(Close Window)
Topic: An old effect modernized
Message: Posted by: El_Lamo (Sep 6, 2003 03:59PM)
I didn't know whether to post this here or in the math section, but if I have made a false selection then I am sure I will find out.

I have looked at the calculator card effect.
Choose a number from 1 - 7 or 1 - 15 or 1 - 63.
Then tell me which cards it is on. (It is a binary number effect)

Anyway. I took some of those AOL CDs that they mail out. Some have different coloured centres.

I printed two CD label for each colour and I had as many colours as needed for the effect (To get to 63 you need 6 CDs)

Instead of putting the numbers on one side the way that they're on a card, I split the numbers over both sides of the CD. I put the cue number in different places, so that it is less obvious. The cue number is of course, only on one side.

When I do the effect, I show both sides and ask if they saw their number. And by the end I tell them their number.

Because I know the value of each CD, I can have them make a quick pile of the CDs that has their number.

It works and it doesn't reveal itself as easily.

I have also made a modified set where the number 1 is on all the CDs and 63 is on one. If that makes sense to everyone. A mental subtraction reveals the answer and it looks harder.

If you can do the math fast, you can add two more cds and have the spectator pick any number to 255.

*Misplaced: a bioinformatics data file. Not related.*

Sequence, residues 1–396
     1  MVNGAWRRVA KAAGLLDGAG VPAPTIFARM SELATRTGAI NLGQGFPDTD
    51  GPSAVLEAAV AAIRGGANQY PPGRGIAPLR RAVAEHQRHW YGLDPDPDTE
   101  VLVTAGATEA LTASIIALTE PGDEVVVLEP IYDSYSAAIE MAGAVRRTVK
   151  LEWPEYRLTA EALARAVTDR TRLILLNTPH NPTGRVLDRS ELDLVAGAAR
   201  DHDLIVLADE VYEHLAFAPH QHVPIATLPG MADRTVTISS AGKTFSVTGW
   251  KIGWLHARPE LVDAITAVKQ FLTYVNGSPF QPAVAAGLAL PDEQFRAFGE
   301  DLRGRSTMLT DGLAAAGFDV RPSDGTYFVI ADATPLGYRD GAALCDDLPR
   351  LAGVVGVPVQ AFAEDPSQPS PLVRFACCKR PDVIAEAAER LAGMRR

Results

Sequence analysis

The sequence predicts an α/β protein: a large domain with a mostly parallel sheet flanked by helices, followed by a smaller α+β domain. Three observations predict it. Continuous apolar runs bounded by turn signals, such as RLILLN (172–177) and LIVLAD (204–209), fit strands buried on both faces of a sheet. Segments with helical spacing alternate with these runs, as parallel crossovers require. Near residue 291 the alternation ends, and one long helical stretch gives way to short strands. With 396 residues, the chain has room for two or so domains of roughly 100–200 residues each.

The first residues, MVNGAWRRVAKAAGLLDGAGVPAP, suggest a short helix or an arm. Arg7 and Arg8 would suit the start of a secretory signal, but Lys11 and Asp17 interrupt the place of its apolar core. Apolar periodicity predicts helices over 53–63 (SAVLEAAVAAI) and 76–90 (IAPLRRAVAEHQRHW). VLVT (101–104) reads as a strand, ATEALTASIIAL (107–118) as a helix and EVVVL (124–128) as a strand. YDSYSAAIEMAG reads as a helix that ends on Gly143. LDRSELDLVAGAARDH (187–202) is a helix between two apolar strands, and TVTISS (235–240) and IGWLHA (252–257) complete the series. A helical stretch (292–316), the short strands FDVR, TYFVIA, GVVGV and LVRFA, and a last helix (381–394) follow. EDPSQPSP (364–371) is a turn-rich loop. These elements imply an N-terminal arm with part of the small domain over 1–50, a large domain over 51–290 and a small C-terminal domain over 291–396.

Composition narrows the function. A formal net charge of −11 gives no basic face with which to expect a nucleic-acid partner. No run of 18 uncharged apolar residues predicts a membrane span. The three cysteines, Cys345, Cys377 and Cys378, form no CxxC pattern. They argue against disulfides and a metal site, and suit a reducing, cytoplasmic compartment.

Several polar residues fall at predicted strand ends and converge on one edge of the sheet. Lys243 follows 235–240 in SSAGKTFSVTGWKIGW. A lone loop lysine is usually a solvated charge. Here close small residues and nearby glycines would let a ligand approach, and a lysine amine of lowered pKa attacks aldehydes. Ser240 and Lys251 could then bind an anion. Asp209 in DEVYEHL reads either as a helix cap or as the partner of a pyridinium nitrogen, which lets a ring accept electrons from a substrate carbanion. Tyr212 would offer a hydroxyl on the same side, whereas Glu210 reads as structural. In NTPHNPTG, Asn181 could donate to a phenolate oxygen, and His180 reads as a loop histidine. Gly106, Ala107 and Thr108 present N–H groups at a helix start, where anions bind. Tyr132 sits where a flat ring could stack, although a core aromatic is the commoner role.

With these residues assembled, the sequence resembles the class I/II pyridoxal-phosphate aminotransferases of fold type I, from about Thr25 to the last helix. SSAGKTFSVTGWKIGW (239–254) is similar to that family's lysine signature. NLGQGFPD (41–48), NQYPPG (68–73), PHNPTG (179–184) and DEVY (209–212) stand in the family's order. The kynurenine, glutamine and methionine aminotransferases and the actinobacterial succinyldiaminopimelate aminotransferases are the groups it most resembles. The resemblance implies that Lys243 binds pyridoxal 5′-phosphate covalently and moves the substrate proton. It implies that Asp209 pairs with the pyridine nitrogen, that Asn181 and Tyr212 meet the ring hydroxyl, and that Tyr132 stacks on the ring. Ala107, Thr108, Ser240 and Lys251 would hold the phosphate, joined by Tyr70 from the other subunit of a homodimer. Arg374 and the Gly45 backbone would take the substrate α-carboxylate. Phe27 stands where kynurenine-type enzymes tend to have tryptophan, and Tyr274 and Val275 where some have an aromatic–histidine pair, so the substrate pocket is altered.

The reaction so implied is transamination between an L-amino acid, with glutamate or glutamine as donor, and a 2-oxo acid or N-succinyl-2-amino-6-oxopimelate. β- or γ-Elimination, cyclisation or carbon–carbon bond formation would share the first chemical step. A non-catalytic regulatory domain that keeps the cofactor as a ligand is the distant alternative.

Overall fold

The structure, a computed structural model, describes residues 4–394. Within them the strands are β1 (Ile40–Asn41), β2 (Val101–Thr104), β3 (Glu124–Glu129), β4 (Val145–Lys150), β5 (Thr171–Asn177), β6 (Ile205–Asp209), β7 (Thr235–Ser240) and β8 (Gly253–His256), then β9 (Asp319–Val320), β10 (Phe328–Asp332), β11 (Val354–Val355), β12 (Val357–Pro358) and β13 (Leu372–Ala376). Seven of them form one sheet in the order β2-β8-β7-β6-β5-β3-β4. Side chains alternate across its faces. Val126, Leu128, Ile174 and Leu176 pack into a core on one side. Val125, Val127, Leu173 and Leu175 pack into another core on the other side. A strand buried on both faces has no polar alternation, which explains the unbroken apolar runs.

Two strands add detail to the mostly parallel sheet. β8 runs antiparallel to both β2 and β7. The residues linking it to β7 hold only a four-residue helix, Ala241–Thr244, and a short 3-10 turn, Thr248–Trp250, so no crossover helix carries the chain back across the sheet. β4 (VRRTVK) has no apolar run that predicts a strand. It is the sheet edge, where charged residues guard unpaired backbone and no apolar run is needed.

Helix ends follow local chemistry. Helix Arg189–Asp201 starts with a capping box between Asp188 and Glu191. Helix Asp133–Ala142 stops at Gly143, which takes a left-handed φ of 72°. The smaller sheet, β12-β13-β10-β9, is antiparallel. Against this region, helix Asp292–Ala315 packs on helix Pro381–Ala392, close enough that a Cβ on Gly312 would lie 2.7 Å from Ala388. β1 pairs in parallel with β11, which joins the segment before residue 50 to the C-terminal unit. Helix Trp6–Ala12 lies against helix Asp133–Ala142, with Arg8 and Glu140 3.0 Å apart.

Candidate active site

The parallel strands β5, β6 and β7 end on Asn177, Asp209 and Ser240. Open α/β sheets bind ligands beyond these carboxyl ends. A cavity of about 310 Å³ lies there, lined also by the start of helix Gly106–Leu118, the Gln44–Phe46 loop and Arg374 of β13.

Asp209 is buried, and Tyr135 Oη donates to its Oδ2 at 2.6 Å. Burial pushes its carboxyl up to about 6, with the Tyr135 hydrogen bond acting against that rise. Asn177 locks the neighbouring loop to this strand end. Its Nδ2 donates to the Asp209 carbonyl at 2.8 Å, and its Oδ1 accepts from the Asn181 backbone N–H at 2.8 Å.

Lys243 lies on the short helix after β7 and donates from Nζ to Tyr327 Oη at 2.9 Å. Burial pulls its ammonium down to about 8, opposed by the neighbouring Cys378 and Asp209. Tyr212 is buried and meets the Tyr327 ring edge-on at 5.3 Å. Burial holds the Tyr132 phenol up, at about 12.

Message: Posted by: Decomposed (Oct 4, 2003 06:26PM)
Just knew those AOL compact disks would come in handy one day. :)
Message: Posted by: dyddanwy (Oct 6, 2003 04:49PM)
Similar to El_Lamo's excellent suggestion, I have also found that re-labeling 'computer' CDs can be useful. If you use labelling software like MediaFACE Applications you can turn out very professional looking dummy disks.

I use a set of 'fake' Classical Music titles to perform a CD version of Ted Lesley's "A Princess of the Opera". Ted's version used Opera Tickets, but those wouldn't suit the circles in which I work... However, because everyone(in the UK) has heard of Classic FM, the Classical Music CD are accepted, and the CD's themselves offer some unique presentational twists.

Perhaps we could start a new thread - how many 'magical' uses can you find for an old 'Internet' CD?

Just a thought, Jack :dance: